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Impetigo

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Impetigo, one of the most common skin infections among kids, usually produces blisters or sores on the face, neck, hands, and diaper area.

This contagious superficial skin infection is generally caused by one of two bacteria: Staphylococcus aureus or Streptococcus pyogenes (also called group A streptococcus, which also causes strep throat). Methicillin-resistant Staphylococcus aureus (MRSA) is also becoming an important cause of impetigo.

Body Basics: Skin and Hair

Impetigo usually affects preschool and school-age children. A child may be more likely to develop impetigo if the skin has already been irritated by other skin problems, such as eczema, poison ivy, insect bites, and cuts or scrapes due to minor trauma.

Good hygiene can help prevent impetigo, which often develops when there is a sore or a rash that has been scratched repeatedly (for example, poison ivy can get infected and turn into impetigo).

Doctors can usually diagnose impetigo based on the appearance of the rash. Occasionally, they may need to take a sample of fluid from blisters. Impetigo is typically treated with either an antibiotic ointment or medication taken by mouth.

Signs and Symptoms

Impetigo may affect skin anywhere on the body but commonly occurs around the nose and mouth, hands, and forearms, and in young children, the diaper area.

impetigo illustration

The two types of impetigo are bullous impetigo (large blisters) and non-bullous impetigo (crusted) impetigo. The non-bullous or crusted form is most common. It's usually caused by S. aureus but can also be caused by infection with group A streptococcus. Non-bullous begins as tiny blisters, which eventually burst and leave small wet patches of red skin that may weep fluid. Gradually, a tan or yellowish-brown crust covers the affected area, making it look like it has been coated with honey or brown sugar.

Bullous impetigo is nearly always caused by S. aureus, which releases toxins that trigger the formation of larger fluid-containing blisters that appear clear, then cloudy. These blisters are more likely to stay longer on the skin without bursting.

Contagiousness

Impetigo may itch and kids can spread the infection by scratching it and then touching other parts of the body.

Impetigo is contagious and can spread to anyone who comes into contact with infected skin or other items, such as clothing, towels, and bed linens, that have been touched by infected skin.

Treatment

When it just affects a small area of the skin (and especially if it is the non-bullous form), impetigo can usually be treated with antibiotic ointment. But if the infection has spread to other areas of the body, or the ointment isn't working, the doctor may prescribe an antibiotic pill or liquid, which is generally taken for 7-10 days.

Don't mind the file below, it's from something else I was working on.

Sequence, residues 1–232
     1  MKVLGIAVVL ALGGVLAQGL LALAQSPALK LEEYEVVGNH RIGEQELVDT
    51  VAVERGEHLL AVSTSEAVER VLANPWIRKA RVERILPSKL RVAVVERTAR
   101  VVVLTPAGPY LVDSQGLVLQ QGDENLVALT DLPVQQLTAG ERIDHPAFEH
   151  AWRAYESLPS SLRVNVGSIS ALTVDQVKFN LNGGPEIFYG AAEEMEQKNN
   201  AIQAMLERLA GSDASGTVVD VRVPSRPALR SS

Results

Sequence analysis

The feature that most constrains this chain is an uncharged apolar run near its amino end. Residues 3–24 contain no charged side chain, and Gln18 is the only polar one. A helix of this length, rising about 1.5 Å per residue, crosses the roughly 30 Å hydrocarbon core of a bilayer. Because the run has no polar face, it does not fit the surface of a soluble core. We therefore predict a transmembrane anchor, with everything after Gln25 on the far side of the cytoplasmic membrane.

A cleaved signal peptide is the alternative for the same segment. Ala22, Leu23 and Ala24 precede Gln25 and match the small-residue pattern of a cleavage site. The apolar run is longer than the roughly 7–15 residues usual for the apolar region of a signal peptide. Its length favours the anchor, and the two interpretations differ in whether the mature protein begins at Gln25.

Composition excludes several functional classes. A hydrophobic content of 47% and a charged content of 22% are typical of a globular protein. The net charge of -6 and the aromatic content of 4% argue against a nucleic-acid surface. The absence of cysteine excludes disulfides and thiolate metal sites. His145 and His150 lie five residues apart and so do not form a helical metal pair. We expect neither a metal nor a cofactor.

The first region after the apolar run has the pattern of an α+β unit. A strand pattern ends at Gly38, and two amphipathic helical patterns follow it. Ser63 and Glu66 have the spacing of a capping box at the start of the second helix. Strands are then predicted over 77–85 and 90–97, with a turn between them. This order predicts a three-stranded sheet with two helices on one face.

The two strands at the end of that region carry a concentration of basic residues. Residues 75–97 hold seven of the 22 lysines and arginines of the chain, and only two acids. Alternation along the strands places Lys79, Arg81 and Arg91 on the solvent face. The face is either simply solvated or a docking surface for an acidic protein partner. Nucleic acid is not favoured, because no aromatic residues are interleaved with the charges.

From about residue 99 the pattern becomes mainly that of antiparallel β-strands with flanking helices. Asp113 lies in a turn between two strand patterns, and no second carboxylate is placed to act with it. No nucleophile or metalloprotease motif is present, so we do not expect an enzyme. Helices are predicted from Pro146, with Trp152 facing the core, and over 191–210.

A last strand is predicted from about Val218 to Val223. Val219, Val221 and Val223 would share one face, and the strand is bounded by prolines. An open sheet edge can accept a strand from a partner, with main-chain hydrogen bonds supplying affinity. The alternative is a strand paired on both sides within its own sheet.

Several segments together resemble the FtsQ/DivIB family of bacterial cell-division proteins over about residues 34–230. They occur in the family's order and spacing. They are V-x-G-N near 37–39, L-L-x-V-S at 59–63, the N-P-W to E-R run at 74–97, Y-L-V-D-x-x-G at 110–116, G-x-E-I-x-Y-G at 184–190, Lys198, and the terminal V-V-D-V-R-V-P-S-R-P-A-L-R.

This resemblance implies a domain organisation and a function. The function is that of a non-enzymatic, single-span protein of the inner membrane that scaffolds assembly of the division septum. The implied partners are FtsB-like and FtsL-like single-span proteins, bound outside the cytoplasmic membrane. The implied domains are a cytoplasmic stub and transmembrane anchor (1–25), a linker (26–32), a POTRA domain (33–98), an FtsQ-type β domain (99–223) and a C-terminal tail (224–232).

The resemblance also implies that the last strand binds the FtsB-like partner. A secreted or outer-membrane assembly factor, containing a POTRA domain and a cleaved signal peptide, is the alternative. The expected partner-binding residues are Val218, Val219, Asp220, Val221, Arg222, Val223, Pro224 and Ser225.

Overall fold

Once antibiotic treatment begins, healing should start within a few days. It's important to make sure that your child takes the medication as the doctor has prescribed. Otherwise, a deeper and more serious skin infection could develop.

While the infection is healing, gently wash the areas of infected skin with clean gauze and antiseptic soap every day. Soak any areas of crusted skin in warm soapy water to help remove the layers of crust (it is not necessary to completely remove all of it).

To keep your child from spreading impetigo to other parts of the body, the doctor or nurse will probably recommend covering infected areas of skin with gauze and tape or a loose plastic bandage. Keep your child's fingernails short and clean.

Prevention

Good hygiene practices, such as regular hand washing, can help prevent impetigo. Have kids use soap and water to clean their skin and be sure they take baths or showers regularly. Pay special attention to areas of the skin that have been injured, such as cuts, scrapes, bug bites, areas of eczema, and rashes such as poison ivy. Keep these areas clean and covered.

Anyone in your family with impetigo should keep fingernails cut short and the impetigo sores covered with gauze and tape.

Prevent impetigo infection from spreading among family members by using antibacterial soap and making sure that each family member uses a separate towel. If necessary, substitute paper towels for cloth ones until the impetigo is gone. Separate the infected person's bed linens, towels, and clothing from those of other family members, and wash these items in hot water. And keep the surfaces of your kitchen and household clean.

When to Call the Doctor

Call the doctor if your child has signs of impetigo, especially if he or she has been exposed to a family member or classmate with the infection. If your child is already being treated for impetigo, keep an eye on the sores and call the doctor if the skin doesn't begin to heal after 3 days of treatment or if a fever develops. If the area around the rash becomes red, warm, or tender to the touch, notify the doctor as soon as possible.

Reviewed by: Yamini Durani, MD
Date reviewed: May 2011

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Note: All information is for educational purposes only. For specific medical advice, diagnoses, and treatment, consult your doctor.
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